The incidence of working-age, civilian disability, as measured by enrollments in the largest federal disability programs, has been rising for the better part of three decades (see discussion in the January fedgazette). But one other federal disability program has been witnessing even faster growth of late: veteran disability.
Veterans’ disability compensation, as it’s called, is paid to veterans who incur a disability during active military service or are diagnosed with a post-service disability that is presumed to be related to military service. After seeing little growth in the 1990s, the number of veterans qualifying for disability compensation rose by 62 percent from 2000 to 2013, according to the U.S. Department of Veterans Affairs (see Chart 1). During this time, the population of eligible veterans also shrank by 17 percent, according to the Congressional Budget Office.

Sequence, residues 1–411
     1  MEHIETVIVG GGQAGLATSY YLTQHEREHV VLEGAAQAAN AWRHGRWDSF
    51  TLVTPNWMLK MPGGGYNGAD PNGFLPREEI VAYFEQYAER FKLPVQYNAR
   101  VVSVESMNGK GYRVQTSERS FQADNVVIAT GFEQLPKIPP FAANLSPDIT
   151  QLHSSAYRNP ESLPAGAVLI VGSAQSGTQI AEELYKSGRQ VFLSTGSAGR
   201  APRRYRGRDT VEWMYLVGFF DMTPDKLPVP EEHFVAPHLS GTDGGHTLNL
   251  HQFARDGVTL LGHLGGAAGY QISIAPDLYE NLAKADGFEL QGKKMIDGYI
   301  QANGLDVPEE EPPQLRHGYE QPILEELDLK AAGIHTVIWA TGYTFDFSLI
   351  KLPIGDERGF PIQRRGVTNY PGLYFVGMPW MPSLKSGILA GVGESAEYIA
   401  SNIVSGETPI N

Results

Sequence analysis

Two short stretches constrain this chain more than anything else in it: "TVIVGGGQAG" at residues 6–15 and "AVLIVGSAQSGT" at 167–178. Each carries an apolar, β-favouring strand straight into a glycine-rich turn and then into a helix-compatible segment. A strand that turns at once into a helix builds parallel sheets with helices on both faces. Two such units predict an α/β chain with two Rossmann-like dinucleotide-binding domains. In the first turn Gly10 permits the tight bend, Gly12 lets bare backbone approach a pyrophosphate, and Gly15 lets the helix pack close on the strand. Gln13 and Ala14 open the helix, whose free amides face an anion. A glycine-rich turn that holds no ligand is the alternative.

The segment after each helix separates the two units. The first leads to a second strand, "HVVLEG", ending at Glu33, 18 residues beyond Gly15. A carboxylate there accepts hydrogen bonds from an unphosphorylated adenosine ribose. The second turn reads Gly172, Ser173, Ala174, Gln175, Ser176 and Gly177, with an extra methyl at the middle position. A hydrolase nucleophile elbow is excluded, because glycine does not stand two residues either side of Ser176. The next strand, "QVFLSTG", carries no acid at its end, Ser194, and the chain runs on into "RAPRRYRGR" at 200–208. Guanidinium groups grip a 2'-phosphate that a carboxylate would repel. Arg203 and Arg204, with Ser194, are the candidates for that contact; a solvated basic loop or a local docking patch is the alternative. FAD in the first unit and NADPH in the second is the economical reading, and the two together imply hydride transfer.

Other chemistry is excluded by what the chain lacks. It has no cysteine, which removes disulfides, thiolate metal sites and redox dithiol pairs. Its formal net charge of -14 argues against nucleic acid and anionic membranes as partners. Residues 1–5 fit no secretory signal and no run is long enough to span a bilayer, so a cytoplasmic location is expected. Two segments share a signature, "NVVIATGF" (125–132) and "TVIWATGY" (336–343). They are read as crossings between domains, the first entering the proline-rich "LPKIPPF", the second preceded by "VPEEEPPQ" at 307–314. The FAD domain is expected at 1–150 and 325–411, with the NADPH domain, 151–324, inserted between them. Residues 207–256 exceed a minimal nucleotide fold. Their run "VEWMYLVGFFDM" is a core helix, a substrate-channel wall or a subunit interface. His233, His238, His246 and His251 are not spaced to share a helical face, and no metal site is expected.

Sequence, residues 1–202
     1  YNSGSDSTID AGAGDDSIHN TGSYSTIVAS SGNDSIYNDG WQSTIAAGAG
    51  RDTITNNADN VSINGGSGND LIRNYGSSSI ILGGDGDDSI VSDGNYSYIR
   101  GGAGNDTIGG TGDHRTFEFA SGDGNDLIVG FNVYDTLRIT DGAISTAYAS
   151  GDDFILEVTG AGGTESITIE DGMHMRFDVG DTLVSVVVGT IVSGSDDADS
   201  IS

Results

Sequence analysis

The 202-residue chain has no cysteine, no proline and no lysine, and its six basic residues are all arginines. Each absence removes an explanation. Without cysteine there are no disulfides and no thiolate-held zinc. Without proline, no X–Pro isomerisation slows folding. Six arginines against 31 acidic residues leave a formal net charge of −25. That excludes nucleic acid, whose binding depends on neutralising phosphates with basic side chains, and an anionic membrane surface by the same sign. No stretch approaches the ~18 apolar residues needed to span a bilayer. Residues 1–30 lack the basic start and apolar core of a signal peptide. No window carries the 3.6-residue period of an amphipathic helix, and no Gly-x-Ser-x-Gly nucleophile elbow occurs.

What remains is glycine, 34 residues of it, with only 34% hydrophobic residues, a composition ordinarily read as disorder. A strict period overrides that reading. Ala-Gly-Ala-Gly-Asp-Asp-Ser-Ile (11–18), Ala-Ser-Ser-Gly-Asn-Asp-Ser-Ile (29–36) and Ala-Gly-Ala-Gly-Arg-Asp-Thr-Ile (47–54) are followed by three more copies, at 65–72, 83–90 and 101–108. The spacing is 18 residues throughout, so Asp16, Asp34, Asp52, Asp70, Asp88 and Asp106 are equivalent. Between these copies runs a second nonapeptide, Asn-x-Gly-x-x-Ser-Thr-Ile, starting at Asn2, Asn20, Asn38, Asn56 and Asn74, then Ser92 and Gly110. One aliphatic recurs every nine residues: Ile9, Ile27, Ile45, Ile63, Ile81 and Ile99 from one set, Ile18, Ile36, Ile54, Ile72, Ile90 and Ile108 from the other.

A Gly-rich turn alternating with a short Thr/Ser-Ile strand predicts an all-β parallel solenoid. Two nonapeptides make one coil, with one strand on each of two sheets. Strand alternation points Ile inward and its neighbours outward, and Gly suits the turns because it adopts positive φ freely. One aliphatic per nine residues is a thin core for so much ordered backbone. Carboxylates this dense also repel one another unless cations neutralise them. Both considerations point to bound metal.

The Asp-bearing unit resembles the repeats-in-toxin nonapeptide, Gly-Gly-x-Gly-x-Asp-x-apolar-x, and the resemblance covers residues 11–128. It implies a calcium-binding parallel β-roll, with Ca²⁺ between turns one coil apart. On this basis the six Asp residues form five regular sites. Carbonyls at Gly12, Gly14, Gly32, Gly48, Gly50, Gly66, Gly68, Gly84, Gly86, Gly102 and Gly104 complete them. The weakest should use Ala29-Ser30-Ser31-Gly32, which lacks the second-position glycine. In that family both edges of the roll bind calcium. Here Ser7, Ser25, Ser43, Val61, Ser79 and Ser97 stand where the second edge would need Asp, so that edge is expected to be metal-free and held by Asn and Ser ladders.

Though historical data on veteran disability by state are not publicly available, recent data suggest that the same growth trend is occurring in Ninth District states. From 2011 to 2013, every district state saw growth of at least 7 percent in veteran disability; Minnesota’s 12 percent growth topped the national average (see Chart 2).
Across district states, 187,000 veterans received disability benefits in 2013. That translates to a small but notable portion of the district labor force—ranging from about 2 percent (Wisconsin) to almost 4 percent (Montana), with most district states above the national average (see Chart 3).
While veterans receiving disability compensation are spread throughout a given state, they tend to be more concentrated around military bases, such as Camp Ripley in central Minnesota, Ellsworth Air Force Base in Rapid City, S.D., and Malmstrom Air Force Base near Great Falls, Mont. (see map).
Dulguun Batbold, research analyst, contributed data to this article.